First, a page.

Sears Holdings announced late Tuesday it's extended the terms of a $400 million loan to 2019 and also is planning to secure additional borrowing to cover upcoming pension payments.
The steps buy the troubled parent of Sears and Kmart more time as it works to make good on its obligations and turn around its business, even as sales shrink at a double-digit pace.
The department store chain is working with both existing and new lenders to push back the maturity of the $400 million term loan to January 2019, from June 2018, Sears said in a securities filing. The company will also have the option to extend the maturity date by another six months, to July 2019.
Additionally, Sears plans to obtain a new credit facility of as much as $607 million, through two separate tranches, to help fund its $407 million pension contribution and for other "general corporate purposes."
"Sears appears to be working very hard to prove that the company has the liquidity to pay their vendors," Susquehanna analyst Bill Dreher wrote in a note to clients.
"We look forward to learning what 'new' investors would actually be willing to lend to Sears, as well as credible details on management's goal of positive adjusted EBITDA in FY18," Dreher said.
Sears has said it expects to reach positive adjusted earnings before interest, taxes, depreciation and amortization next year. The company's latest initiatives include rolling out smaller-format stores and working with major U.S. real estate investment trusts, such as General Growth Properties, Simon Property Group and Seritage, to redevelop existing locations.
Seritage, a REIT spinoff of some of Sears' best real estate, just announced last week plans to issue preferred shares that will allow the company to "fund its redevelopment pipeline."
In a bid to return to profitability, Sears has shuttered roughly 330 "underperforming" stores so far this year. Another 100 locations (both Sears and Kmart-branded) are slated to close by the end of the fiscal fourth quarter.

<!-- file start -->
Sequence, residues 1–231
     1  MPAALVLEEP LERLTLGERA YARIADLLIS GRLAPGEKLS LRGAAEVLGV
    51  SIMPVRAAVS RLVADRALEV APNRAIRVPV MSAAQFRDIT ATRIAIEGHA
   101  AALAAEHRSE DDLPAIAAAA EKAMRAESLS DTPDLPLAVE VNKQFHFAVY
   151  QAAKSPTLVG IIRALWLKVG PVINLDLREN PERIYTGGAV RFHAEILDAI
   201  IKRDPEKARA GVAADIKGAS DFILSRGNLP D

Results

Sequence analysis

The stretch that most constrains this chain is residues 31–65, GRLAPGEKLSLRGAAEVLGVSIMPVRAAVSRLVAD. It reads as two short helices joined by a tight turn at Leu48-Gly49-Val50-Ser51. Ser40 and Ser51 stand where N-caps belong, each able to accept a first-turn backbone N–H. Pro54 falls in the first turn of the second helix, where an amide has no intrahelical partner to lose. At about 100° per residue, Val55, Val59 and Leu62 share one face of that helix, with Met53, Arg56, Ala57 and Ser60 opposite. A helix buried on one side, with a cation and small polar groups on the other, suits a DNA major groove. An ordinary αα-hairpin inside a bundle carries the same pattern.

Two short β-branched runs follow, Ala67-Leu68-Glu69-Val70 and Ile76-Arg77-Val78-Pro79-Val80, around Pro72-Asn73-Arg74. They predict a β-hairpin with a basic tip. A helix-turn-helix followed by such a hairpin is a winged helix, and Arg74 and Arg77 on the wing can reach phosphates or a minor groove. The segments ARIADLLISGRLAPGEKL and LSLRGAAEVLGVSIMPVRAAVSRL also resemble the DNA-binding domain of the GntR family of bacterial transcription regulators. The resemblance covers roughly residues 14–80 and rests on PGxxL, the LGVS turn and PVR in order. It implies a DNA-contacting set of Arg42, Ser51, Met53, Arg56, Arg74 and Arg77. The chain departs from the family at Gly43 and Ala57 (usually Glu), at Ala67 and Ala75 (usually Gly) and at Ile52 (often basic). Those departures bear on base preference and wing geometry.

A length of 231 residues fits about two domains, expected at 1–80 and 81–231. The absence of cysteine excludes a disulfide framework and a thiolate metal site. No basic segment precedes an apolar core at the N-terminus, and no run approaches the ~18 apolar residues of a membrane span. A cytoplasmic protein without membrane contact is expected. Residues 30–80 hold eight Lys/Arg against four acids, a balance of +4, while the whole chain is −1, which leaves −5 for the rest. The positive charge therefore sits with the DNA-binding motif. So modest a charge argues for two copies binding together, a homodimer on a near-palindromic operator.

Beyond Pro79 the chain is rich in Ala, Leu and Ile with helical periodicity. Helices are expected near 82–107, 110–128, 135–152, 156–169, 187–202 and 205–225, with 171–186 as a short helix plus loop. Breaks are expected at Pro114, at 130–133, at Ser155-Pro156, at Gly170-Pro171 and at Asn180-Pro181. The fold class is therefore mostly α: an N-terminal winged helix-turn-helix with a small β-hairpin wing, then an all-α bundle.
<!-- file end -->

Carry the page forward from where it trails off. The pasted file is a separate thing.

Just last month, Sears struck an agreement with guardians of its pension fund — the Pension Benefit Guaranty Corp. — to allow for the sale of 140 Sears properties, giving the company more financial flexibility. In exchange, Sears must pay $407 million to the plan.
In unlocking about 140 stores from a so-called ring-fence agreement with the PBGC, the hope for Sears is the company will be able to secure enough cash from asset sales to repay its newest credit facility in time.
"Looking ahead, we continue to explore alternatives with respect to our debt maturities to meaningfully reduce cash interest payments and provide the Company greater flexibility," Sears CFO Rob Riecker said in a statement Tuesday.
"We remain focused on improving our performance by diversifying the Company's revenue streams through third-party partnerships for several of our businesses ... and maintaining extreme cost discipline in light of continued headwinds across the retail sector," he added.
Sears shares were up 1 percent midday Wednesday. The stock has dropped more than 56 percent this year.